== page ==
Dread, yearning, identity, intrigue, the lethal chemistry between secular doubt and Islamic fanaticism–these are the elements that Orhan Pamuk anneals in this masterful, disquieting novel. An exiled poet named Ka returns to Turkey and travels to the ...
to the forlorn city of Kars. His ostensible purpose is to report on a wave of suicides among religious girls forbidden to wear their head-scarves. But Ka is also drawn by his memories of the radiant Ipek, now recently divorced. Amid blanketing snowfall and universal suspicion, Ka finds himself pursued by figures ranging from Ipek’s ex-husband to a charismatic terrorist. A lost gift returns with ecstatic suddenness. A theatrical evening climaxes in a massacre. And finding god may be the prelude to losing everything else. Touching, slyly comic, and humming with cerebral suspense, Snow is of immense relevance to our present moment.
Me ha gustado bastante aunque sin llegar al entusiasmo. El personaje de Ka es muy atractivo y la historia de amor bastante interesante. Turquía es el país musulmán más occidentalizado y de ese choque de culturas se habla mucho en el libro conMe ha gustado bastante aunque sin llegar al entusiasmo. El personaje de Ka es muy atractivo y la historia de amor bastante interesante. Turquía es el país musulmán más occidentalizado y de ese choque de culturas se habla mucho en el libro con especial atención a la prohibición a las mujeres musulmanas de llevar la cabeza cubierta con un pañuelo en los colegios. Curioso es que al final el propio autor Orhan Pamuk se meta en la novela, haciendome dudar de si hay algo de realidad en la novela que acabo de leer. ...Continua Nascondi
Started this book a few days ago. Enjoyed 'Museum of Innocence', and this text has a similar, 'purple prose' style that takes a little getting used to. I suspect the arc of the story should be seen as a single unit, so everything doesn't fall intoStarted this book a few days ago. Enjoyed 'Museum of Innocence', and this text has a similar, 'purple prose' style that takes a little getting used to. I suspect the arc of the story should be seen as a single unit, so everything doesn't fall into place 'til the end. I confess I find the writing a little dense, and its difficult sometimes to empathise with the characters, though this could be a result of the translation rather than the writing itself (he did win the Nobel prize, though has been accused recently of plagiarising some of his stories).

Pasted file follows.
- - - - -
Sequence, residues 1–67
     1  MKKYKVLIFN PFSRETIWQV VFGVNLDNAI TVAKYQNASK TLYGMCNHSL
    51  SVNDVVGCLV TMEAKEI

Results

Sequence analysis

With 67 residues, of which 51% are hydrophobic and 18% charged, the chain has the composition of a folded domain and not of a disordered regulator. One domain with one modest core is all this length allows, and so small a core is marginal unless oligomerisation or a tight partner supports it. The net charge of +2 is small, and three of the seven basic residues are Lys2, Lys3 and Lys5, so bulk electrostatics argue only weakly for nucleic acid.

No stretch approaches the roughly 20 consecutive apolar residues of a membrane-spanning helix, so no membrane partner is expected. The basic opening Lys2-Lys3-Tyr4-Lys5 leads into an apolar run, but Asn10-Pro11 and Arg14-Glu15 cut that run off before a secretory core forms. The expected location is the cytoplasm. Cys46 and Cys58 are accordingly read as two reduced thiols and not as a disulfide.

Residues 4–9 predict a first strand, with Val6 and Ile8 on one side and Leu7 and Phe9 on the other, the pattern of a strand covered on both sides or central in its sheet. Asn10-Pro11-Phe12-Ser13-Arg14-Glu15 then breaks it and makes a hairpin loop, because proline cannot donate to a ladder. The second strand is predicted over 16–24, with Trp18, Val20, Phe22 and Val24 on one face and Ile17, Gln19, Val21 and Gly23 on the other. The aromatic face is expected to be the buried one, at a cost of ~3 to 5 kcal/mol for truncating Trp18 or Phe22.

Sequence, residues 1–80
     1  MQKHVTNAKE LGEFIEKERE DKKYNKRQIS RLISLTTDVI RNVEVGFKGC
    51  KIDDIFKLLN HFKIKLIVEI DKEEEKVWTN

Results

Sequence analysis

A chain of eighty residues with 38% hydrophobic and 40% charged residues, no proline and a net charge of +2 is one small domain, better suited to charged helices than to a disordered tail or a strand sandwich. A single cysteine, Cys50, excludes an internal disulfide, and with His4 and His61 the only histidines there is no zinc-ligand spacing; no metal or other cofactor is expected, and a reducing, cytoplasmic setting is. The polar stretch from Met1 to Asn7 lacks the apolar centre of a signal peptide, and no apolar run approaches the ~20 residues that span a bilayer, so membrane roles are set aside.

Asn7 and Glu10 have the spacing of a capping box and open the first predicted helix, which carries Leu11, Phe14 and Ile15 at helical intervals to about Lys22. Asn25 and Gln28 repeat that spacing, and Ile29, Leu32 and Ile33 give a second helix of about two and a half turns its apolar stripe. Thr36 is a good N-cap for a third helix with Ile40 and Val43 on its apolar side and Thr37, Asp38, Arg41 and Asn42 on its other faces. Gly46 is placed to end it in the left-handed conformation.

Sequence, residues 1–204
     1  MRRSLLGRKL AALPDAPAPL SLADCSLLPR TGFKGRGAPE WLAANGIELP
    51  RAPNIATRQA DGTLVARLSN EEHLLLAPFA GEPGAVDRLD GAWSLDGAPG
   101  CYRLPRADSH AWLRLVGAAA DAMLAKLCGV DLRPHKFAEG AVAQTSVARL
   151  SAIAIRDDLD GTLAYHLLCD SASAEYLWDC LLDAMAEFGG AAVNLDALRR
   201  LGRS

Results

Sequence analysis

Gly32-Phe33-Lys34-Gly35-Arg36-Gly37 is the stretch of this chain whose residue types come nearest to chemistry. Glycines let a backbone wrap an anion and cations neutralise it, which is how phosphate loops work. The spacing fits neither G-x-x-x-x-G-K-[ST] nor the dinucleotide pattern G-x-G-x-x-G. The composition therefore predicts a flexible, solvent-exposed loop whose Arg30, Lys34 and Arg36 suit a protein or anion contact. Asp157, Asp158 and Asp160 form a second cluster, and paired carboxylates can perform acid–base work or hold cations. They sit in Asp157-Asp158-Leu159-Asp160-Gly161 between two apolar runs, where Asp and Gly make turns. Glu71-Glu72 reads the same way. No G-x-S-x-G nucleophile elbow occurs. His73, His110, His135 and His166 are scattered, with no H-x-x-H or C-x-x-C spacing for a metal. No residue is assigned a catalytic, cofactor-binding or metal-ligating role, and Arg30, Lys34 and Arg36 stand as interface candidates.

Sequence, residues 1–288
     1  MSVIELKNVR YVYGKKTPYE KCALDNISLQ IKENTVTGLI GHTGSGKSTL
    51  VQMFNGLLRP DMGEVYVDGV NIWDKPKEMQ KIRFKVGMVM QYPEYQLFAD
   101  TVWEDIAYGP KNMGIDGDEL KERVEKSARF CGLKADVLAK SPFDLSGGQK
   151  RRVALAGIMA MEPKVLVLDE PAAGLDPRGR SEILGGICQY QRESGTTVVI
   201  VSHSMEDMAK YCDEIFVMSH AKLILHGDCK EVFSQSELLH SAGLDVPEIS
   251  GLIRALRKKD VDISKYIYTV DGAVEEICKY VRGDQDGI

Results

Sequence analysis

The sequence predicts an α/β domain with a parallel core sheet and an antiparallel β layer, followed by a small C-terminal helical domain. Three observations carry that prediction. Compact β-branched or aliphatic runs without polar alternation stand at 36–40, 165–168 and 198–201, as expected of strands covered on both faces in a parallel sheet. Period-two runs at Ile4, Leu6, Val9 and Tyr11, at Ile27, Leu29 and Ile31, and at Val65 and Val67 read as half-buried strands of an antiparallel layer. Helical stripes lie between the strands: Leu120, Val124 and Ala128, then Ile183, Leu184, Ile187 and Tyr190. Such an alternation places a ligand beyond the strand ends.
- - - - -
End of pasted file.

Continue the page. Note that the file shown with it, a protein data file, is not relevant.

It's a couple of years since I read this but I remember finding the characters difficult to understand, never mind empathize with. I wanted to find out more about the real lives of people in Turkey during the last twenty years but the world Pamuk described seemed very dreamlike to me, even more unreal than the world of the play that is staged during the final part of the book or even than the title 'Snow' might suggest. Pamuk has been feted hugely in Western Europe so perhaps I missed something significant in his writing. In any case, my experience didn't encourage me to read any of his other books.
Lo raggiunse dopo trentotto minuti. -Sono andata dal venditore di carbone,- disse.- Prevedendo molta coda al negozio al termine del coprifuoco, sono uscita dal cortile posteriore a mezzogiorno meno dieci.
There seems to be an inconsistency in the timeline in chapter 24: has anyone else noticed, or is this problem inherent to the Italian translation? At the beginning of the chapter Ka goes back to the hotel and leaves a message for Ipek to meet him. She arrives after 38 minutes saying she had left at 10 to NOON. Later he leaves the hotel, goes here and there, does several things until at the end of the chapter bumps into Kadife who asks him to meet her back at the hotel at NOON, because she wants to talk to him... but it should be afternoon already (and the day is the same)???